Bangladesh goes India-bashing
Quake-hit Pak town waits to collect dead
Pak rape victim acquitted in trespass case
Moscow, October 28
This was conveyed by Russian Foreign Minister Sergei Lavrov during his meeting with External Affairs Minister Natwar Singh here today.
Mr Natwar Singh, who was here to attend the meetings of the Indo-Russian Inter-Government Commission (IRIGC) and the Shanghai Cooperation Organisation (SCO), was also assured by Mr Lavrov that Russia was “mindful of India’s impeccable record’’ on non-proliferation.
The two sides agreed that the vexed Iran nuclear issue should be discussed within the International Atomic Energy Agency (IAEA) and the situation should not be allowed to escalate to a point where the process of dialogue is stopped.
Regarding India’s non-proliferation record a reference was made to the legislation passed in India, which strictly controls export of any sensitive technology and materials.
“It was felt that an exception could be made for India in terms of norms observed by the NSG,” an official spokesman said.
Regarding the India-Russia-China trilateral grouping, both sides agreed to hold the next meeting in New Delhi in March next year. It was felt that energy and transportation could be the two key topics for discussions.
On UN reforms, both sides agreed to continue consultations on the functioning of the world body and expansion of the Security Council.
The two sides also reviewed the October 26 meeting of the Indo-Russian Inter-governmental Commission and referred to further increase in cooperation in trade and economic areas and science and technology.
The two Foreign Ministers also exchanged views on working within the SCO framework.
Mr Natwar Singh said India would be organising an Asian Energy Conference in New Delhi on November 25, which would bring together energy producers and consumers.
During the talks the forthcoming summit meeting between Prime Minister Manmohan Singh and President Putin, which is to take place in Moscow in December was also discussed. It was agreed that the two sides would work closely together to put together the various agreements in the areas of the use of Rupee debt funds, Russia’s accession to the WTO, intellectual property rights in military technical cooperation, facilitation of visas for businessmen and other ordinary passport holders and illegal drug trafficking. — UNI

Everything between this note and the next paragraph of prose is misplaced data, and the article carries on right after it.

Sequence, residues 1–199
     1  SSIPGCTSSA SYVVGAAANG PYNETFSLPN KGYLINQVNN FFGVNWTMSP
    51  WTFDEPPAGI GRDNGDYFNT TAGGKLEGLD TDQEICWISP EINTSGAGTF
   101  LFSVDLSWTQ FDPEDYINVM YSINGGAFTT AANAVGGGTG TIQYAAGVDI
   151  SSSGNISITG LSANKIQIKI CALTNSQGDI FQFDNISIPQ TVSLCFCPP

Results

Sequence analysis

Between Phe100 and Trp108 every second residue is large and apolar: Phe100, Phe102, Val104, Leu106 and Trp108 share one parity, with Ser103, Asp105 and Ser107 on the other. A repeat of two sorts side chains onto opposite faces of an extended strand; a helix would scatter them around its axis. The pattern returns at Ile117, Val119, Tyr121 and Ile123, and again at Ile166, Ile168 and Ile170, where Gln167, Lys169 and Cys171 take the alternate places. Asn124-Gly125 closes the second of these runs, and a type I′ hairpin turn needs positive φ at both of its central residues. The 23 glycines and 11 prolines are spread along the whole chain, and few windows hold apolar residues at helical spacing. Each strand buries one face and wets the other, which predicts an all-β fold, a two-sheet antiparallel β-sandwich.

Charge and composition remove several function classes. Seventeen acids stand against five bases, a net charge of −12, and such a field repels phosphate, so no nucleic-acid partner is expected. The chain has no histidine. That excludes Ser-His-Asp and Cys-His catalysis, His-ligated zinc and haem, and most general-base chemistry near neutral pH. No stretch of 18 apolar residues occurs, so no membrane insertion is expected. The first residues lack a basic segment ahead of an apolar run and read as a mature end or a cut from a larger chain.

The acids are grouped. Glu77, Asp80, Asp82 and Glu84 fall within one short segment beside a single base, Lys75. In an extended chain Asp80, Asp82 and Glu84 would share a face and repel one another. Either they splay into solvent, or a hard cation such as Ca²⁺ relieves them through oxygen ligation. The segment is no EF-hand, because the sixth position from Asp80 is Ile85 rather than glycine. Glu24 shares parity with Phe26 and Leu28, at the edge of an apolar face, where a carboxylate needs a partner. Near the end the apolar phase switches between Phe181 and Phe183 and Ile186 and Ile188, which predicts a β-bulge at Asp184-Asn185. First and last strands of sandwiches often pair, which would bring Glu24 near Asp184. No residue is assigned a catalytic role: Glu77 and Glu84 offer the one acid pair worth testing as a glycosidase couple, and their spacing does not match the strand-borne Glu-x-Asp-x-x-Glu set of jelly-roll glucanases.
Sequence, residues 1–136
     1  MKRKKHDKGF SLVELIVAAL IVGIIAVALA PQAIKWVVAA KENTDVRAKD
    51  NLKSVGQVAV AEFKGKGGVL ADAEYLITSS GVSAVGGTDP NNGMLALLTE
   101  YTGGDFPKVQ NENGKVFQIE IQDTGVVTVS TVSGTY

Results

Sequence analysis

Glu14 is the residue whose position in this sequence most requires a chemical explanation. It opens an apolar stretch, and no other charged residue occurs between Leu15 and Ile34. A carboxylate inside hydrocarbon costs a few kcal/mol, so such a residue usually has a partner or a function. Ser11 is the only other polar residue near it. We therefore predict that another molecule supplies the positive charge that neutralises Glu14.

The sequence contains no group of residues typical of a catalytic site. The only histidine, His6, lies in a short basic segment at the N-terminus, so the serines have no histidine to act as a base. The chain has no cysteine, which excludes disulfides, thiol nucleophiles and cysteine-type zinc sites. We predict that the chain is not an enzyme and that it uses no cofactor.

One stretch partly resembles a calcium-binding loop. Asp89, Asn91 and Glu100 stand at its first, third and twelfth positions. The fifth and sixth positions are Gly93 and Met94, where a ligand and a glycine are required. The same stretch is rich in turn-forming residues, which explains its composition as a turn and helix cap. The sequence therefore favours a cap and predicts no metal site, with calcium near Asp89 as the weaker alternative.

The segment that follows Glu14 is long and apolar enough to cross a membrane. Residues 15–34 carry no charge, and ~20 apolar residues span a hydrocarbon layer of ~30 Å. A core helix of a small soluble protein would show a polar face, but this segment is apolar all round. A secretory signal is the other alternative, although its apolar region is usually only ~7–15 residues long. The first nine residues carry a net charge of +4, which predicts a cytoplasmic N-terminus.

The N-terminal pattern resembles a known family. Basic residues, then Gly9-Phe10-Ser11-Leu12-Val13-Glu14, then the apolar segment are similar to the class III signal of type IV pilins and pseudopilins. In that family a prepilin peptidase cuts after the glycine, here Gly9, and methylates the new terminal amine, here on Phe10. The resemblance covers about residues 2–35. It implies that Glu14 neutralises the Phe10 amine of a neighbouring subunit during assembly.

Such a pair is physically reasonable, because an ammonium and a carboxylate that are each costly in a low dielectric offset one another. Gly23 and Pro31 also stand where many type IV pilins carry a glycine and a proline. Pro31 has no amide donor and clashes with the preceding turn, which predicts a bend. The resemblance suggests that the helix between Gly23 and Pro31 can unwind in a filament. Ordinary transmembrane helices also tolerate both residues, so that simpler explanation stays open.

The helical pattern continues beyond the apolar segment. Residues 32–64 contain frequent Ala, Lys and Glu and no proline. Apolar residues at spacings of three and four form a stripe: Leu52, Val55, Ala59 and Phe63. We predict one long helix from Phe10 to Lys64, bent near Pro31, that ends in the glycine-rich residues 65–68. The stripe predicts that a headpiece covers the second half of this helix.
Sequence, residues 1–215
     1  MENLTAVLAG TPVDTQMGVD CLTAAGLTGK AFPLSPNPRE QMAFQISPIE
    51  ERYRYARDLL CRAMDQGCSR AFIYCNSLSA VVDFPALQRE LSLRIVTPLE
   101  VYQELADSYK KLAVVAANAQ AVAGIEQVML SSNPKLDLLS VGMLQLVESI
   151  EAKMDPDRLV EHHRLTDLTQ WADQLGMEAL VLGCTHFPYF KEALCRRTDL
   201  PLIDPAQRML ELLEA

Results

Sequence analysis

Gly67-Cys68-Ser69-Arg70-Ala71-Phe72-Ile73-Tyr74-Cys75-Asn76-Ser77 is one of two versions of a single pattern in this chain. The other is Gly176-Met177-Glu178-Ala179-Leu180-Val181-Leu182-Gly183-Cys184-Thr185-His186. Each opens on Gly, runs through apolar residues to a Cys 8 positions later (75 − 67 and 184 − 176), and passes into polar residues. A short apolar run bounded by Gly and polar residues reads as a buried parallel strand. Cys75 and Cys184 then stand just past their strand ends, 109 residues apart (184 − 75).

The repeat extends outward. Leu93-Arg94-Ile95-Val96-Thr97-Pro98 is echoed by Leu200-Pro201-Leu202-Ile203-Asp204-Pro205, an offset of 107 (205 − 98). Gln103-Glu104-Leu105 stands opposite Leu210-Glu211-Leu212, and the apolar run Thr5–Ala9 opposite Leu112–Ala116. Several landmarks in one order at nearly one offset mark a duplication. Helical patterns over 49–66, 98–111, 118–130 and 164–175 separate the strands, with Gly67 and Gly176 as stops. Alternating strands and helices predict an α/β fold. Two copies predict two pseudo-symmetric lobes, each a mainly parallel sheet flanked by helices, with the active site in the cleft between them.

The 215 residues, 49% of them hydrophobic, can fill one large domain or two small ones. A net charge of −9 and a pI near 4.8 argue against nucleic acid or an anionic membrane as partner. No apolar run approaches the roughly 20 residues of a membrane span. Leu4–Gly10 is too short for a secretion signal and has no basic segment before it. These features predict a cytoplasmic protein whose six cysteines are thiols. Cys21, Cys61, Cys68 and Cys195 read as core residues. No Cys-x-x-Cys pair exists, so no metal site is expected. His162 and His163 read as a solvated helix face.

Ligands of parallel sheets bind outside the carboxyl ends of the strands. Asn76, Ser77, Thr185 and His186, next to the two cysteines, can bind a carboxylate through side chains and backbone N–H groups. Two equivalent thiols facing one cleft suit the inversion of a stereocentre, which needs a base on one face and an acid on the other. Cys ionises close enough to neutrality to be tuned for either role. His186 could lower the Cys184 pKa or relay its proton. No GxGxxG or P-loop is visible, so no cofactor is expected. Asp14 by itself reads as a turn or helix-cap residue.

Bangladesh goes India-bashing
New Delhi, October 28
There is no dearth of political issues in Bangladesh for India-bashing but what is surprising for the South Block is that an orchestrated campaign is on in Dhaka to blame India for more than 400 bombings in 63 of the 64 districts in Bangladesh on August 17.
The September 30 outburst by the Director-General of the Bangladesh Rifles (BDR) here at a BSF-BDR joint press conference was by no means an accident. Major-Gen Jahangir Hossain Choudhury had been needling his BSF counterparts during the meeting by saying that the August 17 serial bombings in Bangladesh was an act by “Indian criminals”. At the press conference he might have stopped short of accusing India as the culprit. But Maj-Gen Choudhury made the point that a mere Bangladeshi official could stand in India’s capital, insult India and get away with it.
General Choudhury was appreciated at the highest political level in Bangladesh for his bravado, diplomatic sources said today.
India could have ignored the remarks as immature antics if Bangladesh’s political leadership’s conduct was different. On the contrary, the ruling BNP and its coalition ministers made similar statements. Minister of State for Home (BNP) Lutfuzzaman Babar, Minister of Industries Matiur Rehman Nizami (Jamaat-e-Islami) and some others have gone public, suggesting India’s hand in the August 17 bombings in collusion with the Opposition Awami League.
Prime Minister Khaleda Zia in her address to the Jatiyo Sangsad (Parliament) on its opening day in September after recess left no doubt that she had held India responsible in collusion with the Awami League. She repeated this in New York also.
Foreign Minister Morshed Khan tried to convince even the British High Commissioner that the bombings was an Indian plot. A large section of the ruling coalition is now engaged in India-baiting, while a few faces like Finance Minister Saifur Rehman are doing a careful balancing act.